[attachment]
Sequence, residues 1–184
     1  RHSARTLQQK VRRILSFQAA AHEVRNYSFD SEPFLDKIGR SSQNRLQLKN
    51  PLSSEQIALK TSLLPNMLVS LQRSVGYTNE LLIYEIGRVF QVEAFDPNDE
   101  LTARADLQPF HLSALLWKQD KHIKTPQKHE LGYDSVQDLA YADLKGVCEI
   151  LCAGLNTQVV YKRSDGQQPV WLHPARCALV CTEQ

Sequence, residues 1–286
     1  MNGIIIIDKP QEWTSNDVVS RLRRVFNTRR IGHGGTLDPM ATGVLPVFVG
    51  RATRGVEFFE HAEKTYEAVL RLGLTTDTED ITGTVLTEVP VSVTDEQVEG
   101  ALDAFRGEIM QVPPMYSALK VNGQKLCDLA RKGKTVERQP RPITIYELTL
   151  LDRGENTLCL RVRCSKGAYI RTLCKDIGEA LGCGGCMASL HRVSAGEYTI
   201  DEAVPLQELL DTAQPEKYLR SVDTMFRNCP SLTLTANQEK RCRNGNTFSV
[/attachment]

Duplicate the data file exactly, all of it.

Sequence, residues 1–184
     1  RHSARTLQQK VRRILSFQAA AHEVRNYSFD SEPFLDKIGR SSQNRLQLKN
    51  PLSSEQIALK TSLLPNMLVS LQRSVGYTNE LLIYEIGRVF QVEAFDPNDE
   101  LTARADLQPF HLSALLWKQD KHIKTPQKHE LGYDSVQDLA YADLKGVCEI
   151  LCAGLNTQVV YKRSDGQQPV WLHPARCALV CTEQ

Sequence, residues 1–286
     1  MNGIIIIDKP QEWTSNDVVS RLRRVFNTRR IGHGGTLDPM ATGVLPVFVG
    51  RATRGVEFFE HAEKTYEAVL RLGLTTDTED ITGTVLTEVP VSVTDEQVEG
   101  ALDAFRGEIM QVPPMYSALK VNGQKLCDLA RKGKTVERQP RPITIYELTL
   151  LDRGENTLCL RVRCSKGAYI RTLCKDIGEA LGCGGCMASL HRVSAGEYTI
   201  DEAVPLQELL DTAQPEKYLR SVDTMFRNCP SLTLTANQEK RCRNGNTFSV